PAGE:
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Thermaltake Fan / RGB Control With QUADRO and RGBpx SPLITTY 4

Monday, November 12th 2018, 10:36pm

Hello to everyone- this is my first post and after lurking for a while I decided I would start off by trying to give something back to the community. I discovered the Aquaero and Aquacomputer for the first time as I went through my recent rebuild, and I have to say I love the products.

Anyway, the reason I'm posting is because I have finally finished my efforts to reverse-engineer my Thermaltake fans to get them to work with Aquasuite's RGBpx control. I went with a Pacific W4 Plus waterblock and a 3-pack of Pure Plus 12 fans for my radiator as I liked the look of Thermaltake's RGB. Problem is though, just about everything else was lacking on the control end of things. The software is barely a shadow of the functionality offered by just about all other products, and having to have a separate control box using up an internal USB, power connection, and precious real estate inside my case was irritating.I spent a lot of time scouring the internet to see if anyone had gotten Thermaltake's fans to play nice with other products, but the information seems scarce. They don't want to post the pinouts on their stuff, and I couldn't find much that anyone else had posted. I got the fan control to connect to the Aquaero / QUADRO easily enough, as it turns out 4 of the pins are the standard fan connections and just needed to be broken out and connected accordingly. I wanted RGB though, and the remaining four pins remained a mystery. My breakthrough moment was finding this post-60LED/Meter WS2812 Strips, where it appeared an enterprising individual had managed to connect some Corsair HD120s and bog-standard WS2812 addressable LED strips to the Thermaltake controller. I reasoned that if these could work with the Thermaltake controller, then the RGBpx that can control Corsair HD120 fans would work with Thermaltake fans. The fact that it was essential to plug in fan #1 to connector #1, fan #2 to connector #2, etc on the Thermaltake controller also suggested to me I was dealing with WS2812 RGB LEDs, or at least a functional equivalent.

So, when my RGBpx SPLITTY arrived, I did some probing and came up with the following diagram for the Thermaltake fan connector (1st attachment). Note that the filled in / plugged / key on the fan connector is in the top left here, and that all fan related connections are on the top, with RGB connections on the bottom. It may also be worth noting that the RGB pins on the fans weren't color-coded- only the W4 waterblock had color coding on the RGB wires, so I opted to use those colors.



At this point I already had the fans control setup, but the SPLITTY let me break out the connections in a much easier fashion than trying to connect the fans together from the RGBpx connection on the QUADRO. With my breath held, I used some Dupont jumper wires and connected the RGB side of things to the SPLITTY, and was thrilled to see I had a fan I could control speed and RGB, all from Aquasuite. Without hesitation, I wired up the other two fans and the waterblock RGB (minus the fan connections as its RGB only) based on the following diagram (2nd attachment). Note that you need to connect things in order on the RGB side- i.e. start at port one and go from there. Since the WS2812 LEDs are really just one long addressed bus, the "Data Return" connection gets passed along to the "Data Out" of the following connector.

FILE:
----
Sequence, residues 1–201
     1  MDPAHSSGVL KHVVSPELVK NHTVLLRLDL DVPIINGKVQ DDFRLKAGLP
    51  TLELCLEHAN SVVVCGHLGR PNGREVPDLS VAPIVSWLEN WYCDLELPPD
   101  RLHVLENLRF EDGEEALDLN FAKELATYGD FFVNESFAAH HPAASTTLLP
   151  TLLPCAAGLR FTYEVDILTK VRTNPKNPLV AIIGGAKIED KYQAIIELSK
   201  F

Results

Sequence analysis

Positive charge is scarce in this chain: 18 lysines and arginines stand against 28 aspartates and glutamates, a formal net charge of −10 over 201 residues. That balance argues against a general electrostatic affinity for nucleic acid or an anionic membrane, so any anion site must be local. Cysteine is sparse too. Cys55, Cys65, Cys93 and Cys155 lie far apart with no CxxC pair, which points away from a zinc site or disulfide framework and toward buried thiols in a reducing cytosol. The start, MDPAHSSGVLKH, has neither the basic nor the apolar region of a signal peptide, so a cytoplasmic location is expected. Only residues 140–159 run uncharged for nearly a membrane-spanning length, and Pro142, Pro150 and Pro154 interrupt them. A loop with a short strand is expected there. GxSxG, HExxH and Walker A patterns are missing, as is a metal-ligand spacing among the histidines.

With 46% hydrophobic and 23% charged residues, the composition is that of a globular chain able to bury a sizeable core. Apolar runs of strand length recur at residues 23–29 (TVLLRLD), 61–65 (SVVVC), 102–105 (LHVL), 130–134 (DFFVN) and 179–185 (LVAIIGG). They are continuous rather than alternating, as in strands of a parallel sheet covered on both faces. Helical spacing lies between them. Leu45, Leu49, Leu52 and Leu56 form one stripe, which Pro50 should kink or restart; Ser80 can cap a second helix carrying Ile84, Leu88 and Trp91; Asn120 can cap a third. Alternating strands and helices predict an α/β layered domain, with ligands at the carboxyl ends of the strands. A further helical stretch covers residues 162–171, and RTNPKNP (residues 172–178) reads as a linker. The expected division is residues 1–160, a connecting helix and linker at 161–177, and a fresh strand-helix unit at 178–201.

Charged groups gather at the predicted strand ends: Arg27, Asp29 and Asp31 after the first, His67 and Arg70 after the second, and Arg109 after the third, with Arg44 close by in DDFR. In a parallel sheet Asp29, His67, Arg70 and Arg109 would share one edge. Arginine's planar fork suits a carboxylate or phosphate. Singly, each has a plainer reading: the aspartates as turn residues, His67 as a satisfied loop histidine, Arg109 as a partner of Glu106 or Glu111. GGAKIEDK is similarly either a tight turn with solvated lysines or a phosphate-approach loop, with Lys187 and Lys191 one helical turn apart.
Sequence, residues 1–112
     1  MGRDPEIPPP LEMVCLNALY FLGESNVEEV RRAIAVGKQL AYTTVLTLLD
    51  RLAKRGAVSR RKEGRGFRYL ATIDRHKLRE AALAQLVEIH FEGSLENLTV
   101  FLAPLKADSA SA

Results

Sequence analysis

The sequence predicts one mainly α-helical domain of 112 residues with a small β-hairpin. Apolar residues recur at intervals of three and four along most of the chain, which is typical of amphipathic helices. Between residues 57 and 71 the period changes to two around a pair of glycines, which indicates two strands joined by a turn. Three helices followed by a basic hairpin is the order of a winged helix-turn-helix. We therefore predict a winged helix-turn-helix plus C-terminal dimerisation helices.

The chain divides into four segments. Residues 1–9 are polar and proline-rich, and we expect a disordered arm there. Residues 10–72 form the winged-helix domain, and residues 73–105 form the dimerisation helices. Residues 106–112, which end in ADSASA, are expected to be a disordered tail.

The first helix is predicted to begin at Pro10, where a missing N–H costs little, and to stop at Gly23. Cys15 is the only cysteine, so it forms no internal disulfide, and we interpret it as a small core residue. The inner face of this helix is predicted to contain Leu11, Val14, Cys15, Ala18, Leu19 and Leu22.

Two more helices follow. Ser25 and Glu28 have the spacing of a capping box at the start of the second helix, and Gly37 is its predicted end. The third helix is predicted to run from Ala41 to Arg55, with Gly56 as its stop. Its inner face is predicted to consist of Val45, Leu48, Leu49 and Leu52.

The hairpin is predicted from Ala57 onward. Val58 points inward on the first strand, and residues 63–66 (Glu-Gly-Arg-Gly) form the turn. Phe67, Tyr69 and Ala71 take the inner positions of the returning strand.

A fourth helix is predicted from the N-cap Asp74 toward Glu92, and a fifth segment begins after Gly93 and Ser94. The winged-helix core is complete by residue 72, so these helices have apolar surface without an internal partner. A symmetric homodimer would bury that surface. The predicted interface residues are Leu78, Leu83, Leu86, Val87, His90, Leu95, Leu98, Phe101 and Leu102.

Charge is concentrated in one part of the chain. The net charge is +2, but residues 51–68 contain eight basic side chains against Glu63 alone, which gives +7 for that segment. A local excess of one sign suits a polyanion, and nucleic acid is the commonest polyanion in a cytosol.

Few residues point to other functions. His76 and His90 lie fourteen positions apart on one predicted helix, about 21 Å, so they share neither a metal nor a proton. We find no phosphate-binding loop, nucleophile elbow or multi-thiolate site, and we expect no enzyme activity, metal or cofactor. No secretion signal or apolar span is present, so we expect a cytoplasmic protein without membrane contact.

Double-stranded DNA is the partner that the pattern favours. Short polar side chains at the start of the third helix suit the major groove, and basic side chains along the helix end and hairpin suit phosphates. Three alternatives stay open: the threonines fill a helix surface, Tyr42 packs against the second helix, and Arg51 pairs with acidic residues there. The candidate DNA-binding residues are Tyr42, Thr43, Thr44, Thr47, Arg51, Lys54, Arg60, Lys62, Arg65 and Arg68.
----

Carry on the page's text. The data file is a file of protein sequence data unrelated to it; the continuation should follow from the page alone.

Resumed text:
Complete success. I have all 39 LEDs (9 per fan and 12 for the waterblock) individually addressable and can now ditch the garbage Thermaltake software and controller. The difference is night and day. Now I just need my D5 Next and reservoir to get in to replace my old pump and I'll have the setup I've been chasing since I started this whole project.It bears mention that Thermaltake has something like 4 different types of fan control schemes now, so your mileage may vary depending on your hardware. I'd wager that if you're using the newest generation with the 9-pin connection you should be good, but either way I'll leave links to the actual products I used in my relevant links below. I hope this helps someone else save some time rather than having to do all the research I went through, and if anyone has any questions or thinks I left something out, please let me know!


Thermaltake Hardware:
Pure Plus 12 (Premium Edition)
Pacific W4 Plus

Posts I used as reference with pertinent info:
60LED/Meter WS2812 Strips (post on Corsair forums describing connecting Corsair HD120 fans / WS2812 LED strips to Thermaltake controller)

Floe Riing RGB Premium Edition: No PWM Fan Control Outside of Windows (post on Thermaltake forums describing fan connections on a 9-pin connector)
Edit: fixed attached images so they show up correctly

This post has been edited 1 times, last edit by "watchound" (Nov 12th 2018, 10:39pm)

DRF

Junior Member

Friday, July 19th 2019, 12:28am

Thank you very much

Friday, July 19th 2019, 2:27am

No problem at all! I'm thrilled to think it helped someone and saved a bit of effort having to reinvent the wheel and reverse-engineer things.

Also, in case it matters to anyone- the setup I've documented above has been running very well since I set it up. I had some oddities with my RGB lights flickering and strobing intermittently after I also added an Aquacomputer reservoir RGB light ring (I forget the exact model; they're generally the same beyond LED count anyway), but that has since gone away as an issue. I suspect it may be my soldered extension cables to reach the ring (it is on my reservoir that is external to my case; made due with what was available at the time) and my moving it up onto a table may have helped jiggle whatever connection, but I suspect the new Aquasuite version also helped as it seems there have been many improvements in the RGBpx realm in regards to stability and the like. It may also be that adding the LED ring on the end of the RGBpx circuit introduced more noise or a timing issue to the system, but I didn't try moving it forward in the RGB "lineup", so I can't be 100% sure.